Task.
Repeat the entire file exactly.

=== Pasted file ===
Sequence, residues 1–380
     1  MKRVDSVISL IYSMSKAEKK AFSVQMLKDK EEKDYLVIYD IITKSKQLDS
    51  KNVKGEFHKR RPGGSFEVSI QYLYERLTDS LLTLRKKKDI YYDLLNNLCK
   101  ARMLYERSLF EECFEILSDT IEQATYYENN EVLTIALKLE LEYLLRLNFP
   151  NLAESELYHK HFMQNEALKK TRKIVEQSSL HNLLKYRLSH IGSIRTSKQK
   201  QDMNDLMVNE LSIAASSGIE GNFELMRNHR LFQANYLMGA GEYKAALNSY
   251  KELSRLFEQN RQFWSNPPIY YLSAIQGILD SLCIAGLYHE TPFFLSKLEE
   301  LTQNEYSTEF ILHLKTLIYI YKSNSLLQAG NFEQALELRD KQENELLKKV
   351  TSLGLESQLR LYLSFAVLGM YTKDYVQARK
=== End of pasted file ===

Sequence, residues 1–380
     1  MKRVDSVISL IYSMSKAEKK AFSVQMLKDK EEKDYLVIYD IITKSKQLDS
    51  KNVKGEFHKR RPGGSFEVSI QYLYERLTDS LLTLRKKKDI YYDLLNNLCK
   101  ARMLYERSLF EECFEILSDT IEQATYYENN EVLTIALKLE LEYLLRLNFP
   151  NLAESELYHK HFMQNEALKK TRKIVEQSSL HNLLKYRLSH IGSIRTSKQK
   201  QDMNDLMVNE LSIAASSGIE GNFELMRNHR LFQANYLMGA GEYKAALNSY
   251  KELSRLFEQN RQFWSNPPIY YLSAIQGILD SLCIAGLYHE TPFFLSKLEE
   301  LTQNEYSTEF ILHLKTLIYI YKSNSLLQAG NFEQALELRD KQENELLKKV
   351  TSLGLESQLR LYLSFAVLGM YTKDYVQARK